The Ceremonial Mace

For centuries the mace has been used as a symbol of authority. Early maces were actually weapons of war similar to a club, and were often used by ecclesiastics who were forbidden to use other kinds of weapons. In the early days of Cambridge and Oxford, religious and/or educational officials use maces to shepherd unruly students. Today, the use of the mace is a representation of authority for royalty, legislatures, and universities around the world.

The late David R. Klahn, professor of art, designed the Ohio University Ceremonial Mace. It is modeled after one of the balustrades of an original stairway of Cutler Hall, the University's main administration building. Cast in bronze, the mace is 46" long and weighs 16 pounds, and features the University seal and a stylized representation of the Cutler Hall cupola.

The mace is carried and displayed at official University ceremonies, including Commencement.

The University Seal

The Ohio University seal was adopted from the seal of the State of Ohio. The circle of the Ohio seal represents a shield. A sheaf of wheat represents Ohio's agricultural heritage, and a bundle of seventeen arrows represents Ohio as the seventeenth state to join the Union. Behind these are mountains, symbolizing strength and grandeur, and the rising sun, symbolizing eternal life and the dawn of a new day.

There are three inscriptions on the Ohio University seal which are translated as follows:

Sigillum Universitatis Ohiensis: The Seal of Ohio University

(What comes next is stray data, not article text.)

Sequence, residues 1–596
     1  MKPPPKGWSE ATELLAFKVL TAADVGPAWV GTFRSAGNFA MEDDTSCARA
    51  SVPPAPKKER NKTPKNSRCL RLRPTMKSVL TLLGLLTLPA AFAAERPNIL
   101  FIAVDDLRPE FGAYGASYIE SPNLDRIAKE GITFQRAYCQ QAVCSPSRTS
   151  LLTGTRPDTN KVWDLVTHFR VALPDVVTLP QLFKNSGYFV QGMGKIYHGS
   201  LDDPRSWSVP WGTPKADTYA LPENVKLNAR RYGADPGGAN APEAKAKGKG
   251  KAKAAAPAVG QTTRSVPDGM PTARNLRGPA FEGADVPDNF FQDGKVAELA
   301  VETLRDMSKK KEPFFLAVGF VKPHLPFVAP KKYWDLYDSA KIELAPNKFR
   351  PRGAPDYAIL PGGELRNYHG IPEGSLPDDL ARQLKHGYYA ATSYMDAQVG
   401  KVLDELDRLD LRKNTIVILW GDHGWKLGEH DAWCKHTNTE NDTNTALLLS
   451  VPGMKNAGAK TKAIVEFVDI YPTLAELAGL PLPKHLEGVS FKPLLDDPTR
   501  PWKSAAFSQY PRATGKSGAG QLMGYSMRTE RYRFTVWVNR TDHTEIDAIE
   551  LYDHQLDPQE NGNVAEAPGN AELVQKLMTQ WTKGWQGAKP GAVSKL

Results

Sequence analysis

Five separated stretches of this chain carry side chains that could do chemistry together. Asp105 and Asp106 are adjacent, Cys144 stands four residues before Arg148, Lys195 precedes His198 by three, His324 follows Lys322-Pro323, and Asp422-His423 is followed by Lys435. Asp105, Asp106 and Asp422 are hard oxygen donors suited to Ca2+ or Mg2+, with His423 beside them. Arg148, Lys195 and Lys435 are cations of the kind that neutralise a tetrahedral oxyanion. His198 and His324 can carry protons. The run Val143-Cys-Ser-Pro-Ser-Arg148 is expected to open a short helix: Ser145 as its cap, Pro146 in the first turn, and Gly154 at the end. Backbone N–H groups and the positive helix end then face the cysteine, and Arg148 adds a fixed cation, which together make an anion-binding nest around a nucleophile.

Prae Omnibus Virtus: Virtue Before All Things

Religio Doctrina Civilitas: Religion, Learning, Civility


The University Ring

The University ring features the Seal of the University in oval form. Students who have earned junior status are eligible to purchase and wear the ring. Prior to graduation, the ring is worn with the rising sun pointing away from the wearer, representing a guiding light on the path to graduation. After graduation, the ring is worn with the rising sun pointing toward the wearer, warming the heart and illuminating the accomplishment of graduating from Ohio University. 

The Fight Song

Ohio University's fight song, entitled "Stand Up and Cheer," has been sung as an "athletic song" since the early 1900s. The song's words and theme were adapted from a previous melody, written by Paul P. McNeely in 1909.


Stand up and cheer 
Cheer loud and long for old OHIO 
For today we raise 
The Green and White above the rest 

Our team is fighting, 
And we are bound to win the fray 
We've got the team, 
We've got the steam, 
For this is old OHIO's day! 
Rah! Rah! Rah!

The Alma Mater

Ohio University's alma mater, entitled, "Alma Mater, Ohio," was also created by a special contest. In 1915, Kenneth S. Clark, a graduate of Princeton University, entered the contest to create an "alma mater song" for Ohio University and won the $150 first prize. Entries for this contest were received from all parts of the United States.


When e'er we take our book of mem'ries 
And scan its pages through and through 
We'll find no days that glow so brightly 
As those we spent at old O.U. 
Within our Alma Mater's portals 
We meet her children hand to hand 
And when there comes the day of parting, 
Still firm and loyal we will stand 


Alma Mater, Ohio, 
Alma Mater, brave and fair! 
Alma Mater, we hail thee, 
For we own thy kindly care.

  Alma Mater, Ohio,
When we read thy story o'er, 
We revere thee and cheer thee 
As we sing thy praise once more.

Our Alma Mater calls us ever, 
And love of country has its claim, 
The one but makes us prize the other, 
And thus we cherish both the same. 
When Alma Mater sends us forward, 
And in her name we stand in line, 
Then we will serve the nation better, 
For having gathered at her shrine.


The Mascot

Until 1925, or 29 years after the school colors changed from blue and white, the Ohio University athletic teams were called the "Green and White." At that time, however, the school's athletic board decided the teams needed a nickname and a campus-wide contest was initiated. Many animal nicknames were proposed, but after great debate, the Bobcat won for its reputation as a sly, wily, scrappy animal.